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Philippine churches again assist victims of Mindanao war

3/26/2003 News media contact: Linda Bloom · (646) 369-3759 · New York

NOTE: Photographs are available with this report.

By Paul Jeffrey*

DAVAO, Philippines (UMNS) - Even before the Philippine military renewed its attacks on rebel forces on the southern island of Mindanao early this year, churches in the region began providing support to families affected by the brewing violence.

"Several pastors and priests in Mindanao informed us in January of troop movements in the area, and people started evacuating from rural communities" said Minnie Anne Calub, coordinator of relief and rehabilitation programs for the National Council of Churches of the Philippines.

"Once they see people in uniforms moving through the area, they know the clashes are coming, and they start moving to safer places. Many local churches opened their doors once again to evacuees, and we started providing assistance where we could."

The church council is a member of Action by Churches Together, the international coalition of church-based relief organizations that includes the United Methodist Committee on Relief.

With government forces waging open war against insurgent groups by mid-February, NCCP/ACT began offering support to some 8,000 families, most of them in the Autonomous Region of Muslim Mindanao.

That assistance has been provided through local congregations of the United Church of Christ in the Philippines, the United Methodist Church, the Independent Church of the Philippines and the Episcopal Church, as well as through the Southern Christian College in Midsayap.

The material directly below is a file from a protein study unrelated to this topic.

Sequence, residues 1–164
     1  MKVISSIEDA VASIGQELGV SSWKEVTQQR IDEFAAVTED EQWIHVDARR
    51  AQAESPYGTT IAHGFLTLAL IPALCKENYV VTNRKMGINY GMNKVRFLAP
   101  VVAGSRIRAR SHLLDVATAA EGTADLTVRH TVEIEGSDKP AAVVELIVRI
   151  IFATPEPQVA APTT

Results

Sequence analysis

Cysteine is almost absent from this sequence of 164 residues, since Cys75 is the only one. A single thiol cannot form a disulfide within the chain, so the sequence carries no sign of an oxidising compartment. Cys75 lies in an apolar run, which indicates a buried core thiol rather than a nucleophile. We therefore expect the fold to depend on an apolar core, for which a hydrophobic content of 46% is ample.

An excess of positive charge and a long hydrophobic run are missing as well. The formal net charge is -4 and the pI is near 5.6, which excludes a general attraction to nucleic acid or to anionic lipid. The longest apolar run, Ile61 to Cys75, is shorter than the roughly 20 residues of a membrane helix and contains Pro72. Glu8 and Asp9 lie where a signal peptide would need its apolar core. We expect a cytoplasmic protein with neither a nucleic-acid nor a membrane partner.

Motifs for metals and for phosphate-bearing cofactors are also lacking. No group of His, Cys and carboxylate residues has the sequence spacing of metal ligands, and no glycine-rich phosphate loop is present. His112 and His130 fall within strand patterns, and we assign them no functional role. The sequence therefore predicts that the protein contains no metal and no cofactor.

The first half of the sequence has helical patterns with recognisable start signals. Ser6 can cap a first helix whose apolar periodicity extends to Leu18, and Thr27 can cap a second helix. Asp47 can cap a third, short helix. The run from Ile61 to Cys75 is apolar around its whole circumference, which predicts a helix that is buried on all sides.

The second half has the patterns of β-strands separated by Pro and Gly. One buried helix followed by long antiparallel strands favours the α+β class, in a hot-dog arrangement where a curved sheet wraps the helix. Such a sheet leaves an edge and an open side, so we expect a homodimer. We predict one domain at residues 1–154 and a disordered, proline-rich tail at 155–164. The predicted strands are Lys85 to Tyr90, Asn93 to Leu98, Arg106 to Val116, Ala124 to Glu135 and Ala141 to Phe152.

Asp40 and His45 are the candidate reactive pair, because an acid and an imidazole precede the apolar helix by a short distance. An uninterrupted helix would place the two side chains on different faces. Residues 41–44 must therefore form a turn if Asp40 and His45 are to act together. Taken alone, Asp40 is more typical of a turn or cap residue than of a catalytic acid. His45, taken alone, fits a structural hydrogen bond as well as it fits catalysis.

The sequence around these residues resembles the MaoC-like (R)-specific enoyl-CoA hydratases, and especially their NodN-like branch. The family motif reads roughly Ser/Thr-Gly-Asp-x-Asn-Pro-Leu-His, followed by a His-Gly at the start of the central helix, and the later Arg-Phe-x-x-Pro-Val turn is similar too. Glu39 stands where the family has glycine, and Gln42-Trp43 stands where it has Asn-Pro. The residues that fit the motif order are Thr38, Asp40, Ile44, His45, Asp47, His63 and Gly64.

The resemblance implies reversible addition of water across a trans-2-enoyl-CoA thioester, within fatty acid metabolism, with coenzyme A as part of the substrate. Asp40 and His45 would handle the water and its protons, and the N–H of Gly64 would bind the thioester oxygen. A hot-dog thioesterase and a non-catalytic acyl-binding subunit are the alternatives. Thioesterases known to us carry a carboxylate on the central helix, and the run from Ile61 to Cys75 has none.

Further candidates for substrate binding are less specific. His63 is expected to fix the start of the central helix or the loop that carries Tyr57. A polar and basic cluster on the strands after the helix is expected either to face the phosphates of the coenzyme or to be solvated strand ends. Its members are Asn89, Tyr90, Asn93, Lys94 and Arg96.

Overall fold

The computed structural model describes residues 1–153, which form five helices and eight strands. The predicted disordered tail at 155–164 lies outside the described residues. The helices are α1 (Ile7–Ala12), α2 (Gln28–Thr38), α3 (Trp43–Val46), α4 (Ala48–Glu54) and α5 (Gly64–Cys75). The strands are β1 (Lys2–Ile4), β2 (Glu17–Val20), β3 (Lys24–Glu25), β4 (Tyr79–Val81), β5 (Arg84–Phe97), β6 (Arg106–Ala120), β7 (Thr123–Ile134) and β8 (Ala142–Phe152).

NCCP/ACT is coordinating its relief operations with government agencies and other nongovernmental organizations in the area in order to avoid duplication of services to displaced families, according to Calub.

Assistance includes emergency food, blankets, sleeping mats, and medical and psychological care especially targeted to children and women traumatized by the violence. When the displaced families are able to return to their communities of origin, NCCP/ACT will provide rehabilitation assistance, including seeds and tools that will allow families to restart their lives.

NCCP/ACT and its member churches in the region will also continue to support formal dialogue between Muslims, Christians, and indigenous peoples as a way of lessening the potential for violence, according to Sharon Rose Joy Ruiz-Duremdes, the organization's chief executive.

According to Ruiz-Duremdes, religious tensions in the region had been manipulated by those favoring war. She added that international factors were also contributing to the conflict, with the U.S. war on terrorism and invasion of Iraq aggravating anti-Muslim sentiments in the country. She said the NCCP and its member churches were working to prevent the renewed presence of U.S. troops in the country.

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*Jeffrey is a United Methodist Missionary and journalist based in Honduras.

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